Last Sunday, I had the difficult task of leading the Woodward Park family through Peter's comments on submission in 2.13-25. At the heart of Peter's words are an encouragement for the people of God to live according their true identity as the called out. As citizens of the Kingdom of Heaven, God's people live as an alternative to the ways of the world.
And there are times that this calling is fundamentally unfair.
But life as a child of God isn't about what's fair. Never has been. Never will be.
For instance, is grace fair? Is it fair that a confessing criminal dying at Jesus' side is afforded the same eternal reward as Stephen, James, Paul and Peter who gave their very lives for their faith?
Grace isn't fair. If it were, then neither you nor I would have a whimper of a chance of ever seeing the face of God.
That truth must impact the way disciples of Jesus handle injustice. In the face of injustice, Jesus didn't demand his disciples fight for what was fair. It wasn't fair for him to be arrested, tried and crucified. Peter unsheathed a sword that night in Gethsemane to fight for what he thought was fair. His Savior had done nothing to deserve such an unfair plight. But Jesus calmly instructed Peter to put the sword down because the means of the Kingdom run counter to the strategies of the world.
Peter says it is to this we, as disciples of Jesus, are called. Our calling is not to respond in kind by fighting fire with fire, but to respond as Jesus did, i.e. by turning the other cheek.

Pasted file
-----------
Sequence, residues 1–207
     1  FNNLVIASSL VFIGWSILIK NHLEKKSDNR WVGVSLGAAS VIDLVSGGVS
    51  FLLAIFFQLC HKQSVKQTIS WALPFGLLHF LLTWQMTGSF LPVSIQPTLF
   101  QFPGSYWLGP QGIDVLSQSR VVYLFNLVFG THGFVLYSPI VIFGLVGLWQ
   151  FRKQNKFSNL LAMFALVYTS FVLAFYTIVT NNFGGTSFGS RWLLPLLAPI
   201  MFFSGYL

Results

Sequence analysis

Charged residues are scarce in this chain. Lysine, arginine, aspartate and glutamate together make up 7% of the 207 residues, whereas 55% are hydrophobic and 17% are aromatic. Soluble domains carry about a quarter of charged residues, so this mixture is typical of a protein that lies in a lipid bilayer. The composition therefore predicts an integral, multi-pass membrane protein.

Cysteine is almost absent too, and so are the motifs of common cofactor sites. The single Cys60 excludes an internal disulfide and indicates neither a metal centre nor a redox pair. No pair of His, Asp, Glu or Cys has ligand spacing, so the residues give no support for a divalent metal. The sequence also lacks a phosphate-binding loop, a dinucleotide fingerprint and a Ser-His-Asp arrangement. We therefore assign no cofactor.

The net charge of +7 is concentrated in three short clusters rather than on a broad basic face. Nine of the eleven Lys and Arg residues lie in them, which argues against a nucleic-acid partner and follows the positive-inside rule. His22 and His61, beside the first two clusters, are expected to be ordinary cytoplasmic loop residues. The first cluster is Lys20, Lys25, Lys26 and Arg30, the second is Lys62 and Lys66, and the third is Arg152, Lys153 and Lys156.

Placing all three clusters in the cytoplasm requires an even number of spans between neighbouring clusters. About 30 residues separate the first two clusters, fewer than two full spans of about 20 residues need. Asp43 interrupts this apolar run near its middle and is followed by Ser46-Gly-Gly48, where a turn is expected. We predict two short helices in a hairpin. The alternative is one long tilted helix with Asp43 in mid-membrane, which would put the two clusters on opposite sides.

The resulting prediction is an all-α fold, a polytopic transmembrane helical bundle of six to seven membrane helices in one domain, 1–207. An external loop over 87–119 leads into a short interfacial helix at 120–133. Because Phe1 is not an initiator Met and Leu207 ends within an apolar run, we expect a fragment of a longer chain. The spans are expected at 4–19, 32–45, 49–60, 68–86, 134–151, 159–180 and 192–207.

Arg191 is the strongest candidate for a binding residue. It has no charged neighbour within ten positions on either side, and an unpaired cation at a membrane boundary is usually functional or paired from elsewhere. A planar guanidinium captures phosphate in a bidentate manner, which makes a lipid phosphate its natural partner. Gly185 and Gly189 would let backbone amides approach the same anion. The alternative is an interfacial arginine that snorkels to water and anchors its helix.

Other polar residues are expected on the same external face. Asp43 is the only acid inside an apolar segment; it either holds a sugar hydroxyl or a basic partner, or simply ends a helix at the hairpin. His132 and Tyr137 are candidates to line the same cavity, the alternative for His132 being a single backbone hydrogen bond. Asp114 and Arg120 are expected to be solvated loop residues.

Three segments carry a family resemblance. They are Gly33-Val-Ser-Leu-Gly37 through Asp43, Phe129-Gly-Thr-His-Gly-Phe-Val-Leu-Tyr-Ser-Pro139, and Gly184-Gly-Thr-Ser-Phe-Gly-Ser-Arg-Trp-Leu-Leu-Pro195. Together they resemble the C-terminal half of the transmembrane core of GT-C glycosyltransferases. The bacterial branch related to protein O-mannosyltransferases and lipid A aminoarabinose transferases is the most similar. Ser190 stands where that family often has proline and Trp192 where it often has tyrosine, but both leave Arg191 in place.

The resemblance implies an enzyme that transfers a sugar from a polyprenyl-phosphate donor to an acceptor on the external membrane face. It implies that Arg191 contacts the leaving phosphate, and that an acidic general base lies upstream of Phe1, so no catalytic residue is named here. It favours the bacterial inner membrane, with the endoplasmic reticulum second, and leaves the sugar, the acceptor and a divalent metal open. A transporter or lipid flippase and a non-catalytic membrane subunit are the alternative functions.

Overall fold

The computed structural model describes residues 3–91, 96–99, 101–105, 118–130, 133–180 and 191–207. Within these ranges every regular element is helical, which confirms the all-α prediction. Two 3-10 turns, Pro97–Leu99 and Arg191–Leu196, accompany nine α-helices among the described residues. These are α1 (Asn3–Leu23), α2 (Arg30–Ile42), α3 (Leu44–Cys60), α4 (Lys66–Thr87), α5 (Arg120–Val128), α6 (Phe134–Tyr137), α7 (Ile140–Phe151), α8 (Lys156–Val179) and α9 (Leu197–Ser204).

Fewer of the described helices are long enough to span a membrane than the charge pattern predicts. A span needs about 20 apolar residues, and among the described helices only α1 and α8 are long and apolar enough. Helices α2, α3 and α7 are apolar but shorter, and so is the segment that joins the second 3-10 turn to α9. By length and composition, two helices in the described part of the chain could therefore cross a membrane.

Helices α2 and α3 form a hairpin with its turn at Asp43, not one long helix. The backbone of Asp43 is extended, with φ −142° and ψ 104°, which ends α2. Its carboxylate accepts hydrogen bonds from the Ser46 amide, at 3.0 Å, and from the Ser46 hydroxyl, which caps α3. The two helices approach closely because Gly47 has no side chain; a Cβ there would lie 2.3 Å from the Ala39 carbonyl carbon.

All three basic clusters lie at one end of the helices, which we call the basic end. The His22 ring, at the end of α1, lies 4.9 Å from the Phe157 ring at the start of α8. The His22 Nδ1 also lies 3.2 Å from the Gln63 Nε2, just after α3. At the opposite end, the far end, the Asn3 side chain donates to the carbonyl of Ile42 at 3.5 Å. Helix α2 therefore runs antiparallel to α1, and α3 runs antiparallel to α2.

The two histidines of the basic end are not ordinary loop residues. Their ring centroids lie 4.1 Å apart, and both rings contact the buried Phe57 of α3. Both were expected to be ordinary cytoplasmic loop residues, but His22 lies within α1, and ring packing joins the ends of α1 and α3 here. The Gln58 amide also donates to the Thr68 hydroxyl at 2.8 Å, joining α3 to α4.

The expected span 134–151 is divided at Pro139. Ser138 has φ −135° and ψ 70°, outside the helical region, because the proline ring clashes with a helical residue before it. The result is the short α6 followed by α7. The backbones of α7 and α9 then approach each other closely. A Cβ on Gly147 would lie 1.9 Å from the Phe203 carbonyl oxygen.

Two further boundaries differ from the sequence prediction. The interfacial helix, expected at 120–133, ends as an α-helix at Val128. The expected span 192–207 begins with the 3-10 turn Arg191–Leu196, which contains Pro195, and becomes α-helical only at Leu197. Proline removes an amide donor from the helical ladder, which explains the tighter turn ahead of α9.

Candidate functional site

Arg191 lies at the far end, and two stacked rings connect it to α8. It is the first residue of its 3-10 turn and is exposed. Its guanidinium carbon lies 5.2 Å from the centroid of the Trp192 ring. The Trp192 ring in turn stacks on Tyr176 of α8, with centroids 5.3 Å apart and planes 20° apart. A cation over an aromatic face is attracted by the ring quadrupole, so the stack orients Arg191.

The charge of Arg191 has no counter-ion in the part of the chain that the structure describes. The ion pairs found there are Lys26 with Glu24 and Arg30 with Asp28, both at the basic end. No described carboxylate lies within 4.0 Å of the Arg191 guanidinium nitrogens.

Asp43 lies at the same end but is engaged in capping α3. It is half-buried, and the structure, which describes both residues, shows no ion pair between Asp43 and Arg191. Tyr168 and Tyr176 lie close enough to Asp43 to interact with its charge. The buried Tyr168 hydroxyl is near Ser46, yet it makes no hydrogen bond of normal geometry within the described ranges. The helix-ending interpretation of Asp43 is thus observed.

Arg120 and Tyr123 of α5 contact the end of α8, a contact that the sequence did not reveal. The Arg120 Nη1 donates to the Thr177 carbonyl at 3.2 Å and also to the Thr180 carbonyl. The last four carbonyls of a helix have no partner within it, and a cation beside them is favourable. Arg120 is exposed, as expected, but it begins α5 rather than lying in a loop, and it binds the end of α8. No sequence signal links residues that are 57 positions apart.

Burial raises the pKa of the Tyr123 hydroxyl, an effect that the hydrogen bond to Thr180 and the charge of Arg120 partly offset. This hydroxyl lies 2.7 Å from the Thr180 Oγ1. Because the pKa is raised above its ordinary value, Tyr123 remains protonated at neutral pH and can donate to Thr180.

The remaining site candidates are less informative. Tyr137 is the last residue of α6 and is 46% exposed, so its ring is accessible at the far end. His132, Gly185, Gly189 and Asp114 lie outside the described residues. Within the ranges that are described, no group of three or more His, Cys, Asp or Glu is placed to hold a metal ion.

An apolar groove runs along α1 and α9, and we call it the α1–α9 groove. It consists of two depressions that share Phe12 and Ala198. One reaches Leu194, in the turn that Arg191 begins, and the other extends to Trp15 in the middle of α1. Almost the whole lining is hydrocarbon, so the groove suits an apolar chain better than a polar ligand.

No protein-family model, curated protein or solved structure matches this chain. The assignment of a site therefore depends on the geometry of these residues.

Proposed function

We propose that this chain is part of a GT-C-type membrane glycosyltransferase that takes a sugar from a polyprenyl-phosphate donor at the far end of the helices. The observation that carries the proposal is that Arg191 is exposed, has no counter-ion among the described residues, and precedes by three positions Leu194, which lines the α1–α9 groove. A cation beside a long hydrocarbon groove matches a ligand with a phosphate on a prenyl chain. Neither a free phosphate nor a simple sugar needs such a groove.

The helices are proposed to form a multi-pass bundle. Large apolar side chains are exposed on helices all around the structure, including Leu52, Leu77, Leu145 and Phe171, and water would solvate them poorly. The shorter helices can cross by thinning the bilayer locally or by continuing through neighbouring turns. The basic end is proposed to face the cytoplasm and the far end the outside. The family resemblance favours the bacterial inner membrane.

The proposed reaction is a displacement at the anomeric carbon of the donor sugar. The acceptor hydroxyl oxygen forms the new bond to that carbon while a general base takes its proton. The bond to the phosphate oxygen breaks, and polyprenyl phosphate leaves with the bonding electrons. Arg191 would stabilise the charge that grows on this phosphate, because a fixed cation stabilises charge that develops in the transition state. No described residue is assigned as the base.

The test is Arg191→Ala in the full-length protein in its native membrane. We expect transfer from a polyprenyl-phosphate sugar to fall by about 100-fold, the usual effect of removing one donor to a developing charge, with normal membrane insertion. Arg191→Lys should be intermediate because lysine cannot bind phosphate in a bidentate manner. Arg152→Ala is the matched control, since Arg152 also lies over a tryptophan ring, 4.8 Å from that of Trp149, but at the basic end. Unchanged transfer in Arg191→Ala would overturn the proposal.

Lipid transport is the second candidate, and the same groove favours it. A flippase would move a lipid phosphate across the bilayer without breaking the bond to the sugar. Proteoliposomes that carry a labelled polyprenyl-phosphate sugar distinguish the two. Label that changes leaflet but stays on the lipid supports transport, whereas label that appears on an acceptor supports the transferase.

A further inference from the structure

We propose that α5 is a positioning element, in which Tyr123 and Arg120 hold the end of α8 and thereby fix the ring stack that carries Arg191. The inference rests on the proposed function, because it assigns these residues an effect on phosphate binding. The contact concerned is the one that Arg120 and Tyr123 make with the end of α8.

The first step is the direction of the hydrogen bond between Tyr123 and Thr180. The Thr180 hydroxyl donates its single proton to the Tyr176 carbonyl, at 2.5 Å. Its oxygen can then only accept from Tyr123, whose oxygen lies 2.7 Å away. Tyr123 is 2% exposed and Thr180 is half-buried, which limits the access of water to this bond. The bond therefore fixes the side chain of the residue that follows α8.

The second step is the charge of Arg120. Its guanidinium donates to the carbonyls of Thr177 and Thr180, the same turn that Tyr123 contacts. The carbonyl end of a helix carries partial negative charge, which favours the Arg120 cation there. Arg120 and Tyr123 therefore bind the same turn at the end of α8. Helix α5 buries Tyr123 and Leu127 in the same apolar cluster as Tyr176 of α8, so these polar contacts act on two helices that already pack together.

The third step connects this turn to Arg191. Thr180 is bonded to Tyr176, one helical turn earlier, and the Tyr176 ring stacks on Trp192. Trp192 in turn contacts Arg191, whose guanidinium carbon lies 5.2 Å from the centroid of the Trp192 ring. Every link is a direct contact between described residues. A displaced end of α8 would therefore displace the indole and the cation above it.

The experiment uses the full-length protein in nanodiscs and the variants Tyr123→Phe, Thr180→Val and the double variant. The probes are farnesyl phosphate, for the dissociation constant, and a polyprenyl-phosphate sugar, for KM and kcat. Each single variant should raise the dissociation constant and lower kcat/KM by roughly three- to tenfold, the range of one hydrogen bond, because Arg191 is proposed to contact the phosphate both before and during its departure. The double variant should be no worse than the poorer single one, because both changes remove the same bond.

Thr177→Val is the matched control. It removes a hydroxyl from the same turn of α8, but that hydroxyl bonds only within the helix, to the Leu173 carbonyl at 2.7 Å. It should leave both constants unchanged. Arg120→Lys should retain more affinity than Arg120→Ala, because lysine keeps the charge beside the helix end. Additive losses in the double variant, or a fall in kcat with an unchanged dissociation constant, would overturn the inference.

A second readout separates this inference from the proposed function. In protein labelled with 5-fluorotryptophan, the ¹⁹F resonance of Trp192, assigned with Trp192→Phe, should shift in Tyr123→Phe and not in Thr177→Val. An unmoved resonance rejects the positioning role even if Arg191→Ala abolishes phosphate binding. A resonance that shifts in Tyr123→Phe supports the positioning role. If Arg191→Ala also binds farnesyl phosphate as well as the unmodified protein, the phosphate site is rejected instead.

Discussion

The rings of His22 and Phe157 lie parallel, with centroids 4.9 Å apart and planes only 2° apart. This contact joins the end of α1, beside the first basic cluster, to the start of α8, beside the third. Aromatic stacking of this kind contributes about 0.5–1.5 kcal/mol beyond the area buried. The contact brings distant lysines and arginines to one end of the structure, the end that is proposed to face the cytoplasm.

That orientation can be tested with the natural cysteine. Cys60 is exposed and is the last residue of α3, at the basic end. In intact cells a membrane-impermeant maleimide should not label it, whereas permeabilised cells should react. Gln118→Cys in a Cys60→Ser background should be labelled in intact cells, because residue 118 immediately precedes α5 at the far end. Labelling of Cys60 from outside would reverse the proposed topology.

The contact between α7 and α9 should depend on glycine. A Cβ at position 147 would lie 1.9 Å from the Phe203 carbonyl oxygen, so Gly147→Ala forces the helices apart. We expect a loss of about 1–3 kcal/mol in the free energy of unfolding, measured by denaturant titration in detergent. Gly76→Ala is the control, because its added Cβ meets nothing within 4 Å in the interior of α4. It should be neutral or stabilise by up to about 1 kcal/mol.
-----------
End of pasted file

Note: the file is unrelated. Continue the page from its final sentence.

Is it fair? No. But siding with Jesus on the side of grace means that we face the unfairness of life with hope -- that confident expectation that God will do as God has promised.
God has promised to one day settle the score. God has promised, in God's sovereignty, to exact justice for the injustices of this world. It is our calling as disciples of Jesus to rest in the assurance that God is true to His Word.
Here's how Peter's colleague, the Apostle Paul, puts it: "Live in harmony with one another. Do not be proud, but be willing to associate with people of low position. Do not be conceited. Do not repay anyone evil for evil. Be careful to do what is right in the eyes of everybody. If it is possible, as far as it depends on you, live at peace with everyone. Do not take revenge, my friends, but leave room for God's wrath, for it is written, 'It is mine to avenge; I will repay,' says the Lord. On the contrary: 'If your enemy is hungry, feed him; if he is thirsty, give him something to drink...Do not be overcome by evil, but overcome evil with good" (Romans 12.16-21).